• says

      If a plugin or theme is already using a ‘shortcode’ taxonomy, I’d push back that they’re breaking things by not prefixing the taxonomy name. That said, this is one potential avenue for conflicts we should keep in mind.

      I also think a direct call to WP_Query would be cool. We could store data in a taxonomy but, rather than exposing a taxonomy query, use a shortcode argument to fetch content. Will make for a great addition; if I do push this to Trac as a patch I’ll likely add that as well.

  2. says

    I like the idea. Anything that makes working with the database more efficient gets a big thumbs up from me. The database schema is still optimized for blog posts. Now that WP is being used more often as a full-fledged CMS, and even as an application engine, the limitations of the current schema show themselves quickly. Anything that’s proposed to improve on that, at the core level, deserves a serious look.

    Nice work Eric!

  3. says

    Hmm. In general I push hard for your primary justification i.e. standardization which I feel like we don’t get nearly enough of in WordPress, but I’d like to know some of the use-cases that would drive this requirement.

    Also most specifics about how it might be implemented and what the various impacts would be on the system would be helpful; for example, I can see that it would require additional overhead on post save and require additional storage in post meta for every post that had shortcodes.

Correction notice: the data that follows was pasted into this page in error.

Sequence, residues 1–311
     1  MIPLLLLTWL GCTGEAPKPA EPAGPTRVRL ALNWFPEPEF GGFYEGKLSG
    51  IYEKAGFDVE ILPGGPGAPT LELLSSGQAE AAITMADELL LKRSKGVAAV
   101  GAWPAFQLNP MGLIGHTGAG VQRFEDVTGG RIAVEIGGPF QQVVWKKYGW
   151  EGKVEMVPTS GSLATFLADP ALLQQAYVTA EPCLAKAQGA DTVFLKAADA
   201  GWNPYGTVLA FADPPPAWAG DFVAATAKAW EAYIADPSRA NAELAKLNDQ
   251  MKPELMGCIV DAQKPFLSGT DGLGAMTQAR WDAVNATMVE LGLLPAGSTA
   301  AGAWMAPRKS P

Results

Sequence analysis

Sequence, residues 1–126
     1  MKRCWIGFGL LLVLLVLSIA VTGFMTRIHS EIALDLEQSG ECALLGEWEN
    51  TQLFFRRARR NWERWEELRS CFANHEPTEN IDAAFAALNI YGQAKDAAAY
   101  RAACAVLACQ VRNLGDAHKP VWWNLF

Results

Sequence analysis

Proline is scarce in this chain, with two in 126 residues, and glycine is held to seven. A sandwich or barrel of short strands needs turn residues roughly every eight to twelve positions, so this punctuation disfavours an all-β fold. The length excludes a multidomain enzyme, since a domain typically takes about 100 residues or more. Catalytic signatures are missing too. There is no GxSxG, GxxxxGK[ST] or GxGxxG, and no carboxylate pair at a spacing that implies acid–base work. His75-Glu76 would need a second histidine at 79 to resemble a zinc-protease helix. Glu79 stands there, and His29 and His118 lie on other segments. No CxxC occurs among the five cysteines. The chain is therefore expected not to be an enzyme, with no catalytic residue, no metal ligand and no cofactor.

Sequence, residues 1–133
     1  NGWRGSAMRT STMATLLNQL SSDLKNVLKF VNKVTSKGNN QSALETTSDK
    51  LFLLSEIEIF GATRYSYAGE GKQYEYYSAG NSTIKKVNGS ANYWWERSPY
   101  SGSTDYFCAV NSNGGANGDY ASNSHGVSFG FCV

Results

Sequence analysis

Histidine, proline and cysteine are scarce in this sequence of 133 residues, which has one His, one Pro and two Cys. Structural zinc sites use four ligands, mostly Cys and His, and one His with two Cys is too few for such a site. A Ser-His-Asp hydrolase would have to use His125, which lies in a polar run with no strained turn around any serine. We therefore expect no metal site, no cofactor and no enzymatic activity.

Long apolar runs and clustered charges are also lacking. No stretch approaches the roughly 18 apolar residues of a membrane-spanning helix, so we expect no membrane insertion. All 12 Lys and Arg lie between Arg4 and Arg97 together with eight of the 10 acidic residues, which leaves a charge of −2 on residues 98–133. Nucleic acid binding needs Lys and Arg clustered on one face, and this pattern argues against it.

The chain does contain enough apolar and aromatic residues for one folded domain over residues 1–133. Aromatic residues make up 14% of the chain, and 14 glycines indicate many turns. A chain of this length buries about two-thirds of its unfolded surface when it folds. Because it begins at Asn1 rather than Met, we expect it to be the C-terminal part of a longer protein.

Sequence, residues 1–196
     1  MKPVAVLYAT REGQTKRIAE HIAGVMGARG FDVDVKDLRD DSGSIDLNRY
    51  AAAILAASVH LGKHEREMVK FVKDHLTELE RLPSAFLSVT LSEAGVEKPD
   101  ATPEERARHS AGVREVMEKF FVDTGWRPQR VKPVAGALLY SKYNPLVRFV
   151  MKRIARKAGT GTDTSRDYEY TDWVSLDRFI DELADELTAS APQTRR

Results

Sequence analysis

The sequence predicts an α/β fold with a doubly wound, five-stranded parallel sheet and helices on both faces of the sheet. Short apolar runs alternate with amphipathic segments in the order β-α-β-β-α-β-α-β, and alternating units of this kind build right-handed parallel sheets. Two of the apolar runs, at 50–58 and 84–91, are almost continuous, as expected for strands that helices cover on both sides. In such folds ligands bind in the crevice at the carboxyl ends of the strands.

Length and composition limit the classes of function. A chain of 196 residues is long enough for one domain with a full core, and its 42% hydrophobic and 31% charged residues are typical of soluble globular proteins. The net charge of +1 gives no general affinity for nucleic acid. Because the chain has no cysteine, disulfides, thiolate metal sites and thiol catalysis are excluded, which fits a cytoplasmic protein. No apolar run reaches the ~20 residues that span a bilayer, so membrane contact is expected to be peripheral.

And as for post meta, are you thinking SQL friendly storage, i.e. one or more meta fields per shortcode used, or a single PHP serialized array per post? The latter is more space efficient but the former more useful.

    And could it be disabled for those that don’t need or want it? What if it was disabled by default but opt-in for a plugin/theme that needs it?

    • says

      Actually, I’m talking about a taxonomy here, not post meta. The storage is much different between the two systems (meta is a dumb key-value store with little optimization whereas taxonomies are indexed integer mappings). In practice, this would have no more overhead than any other taxonomy – i.e. post_tags and categories – particularly if you aren’t using shortcodes in your content. A save of a new taxonomy would only be triggered if a shortcode is present (and that shortcode is registered with WordPress).

      • says

        Ah, I guess I need to brush up on my reading skills. :)

        So you are saying the name of each shortcode used would be represented as a term in a ‘shortcode’ taxonomy. So with that storage (by itself) you can’t keep a count of times a shortcode is used in a particular post but since I haven’t heard any use-cases yet I don’t know if that’s needed. You also couldn’t keep track of arguments used per shortcode, although with yet another (set of) taxonomy(ies) you could. But again I don’t know if that’s needed.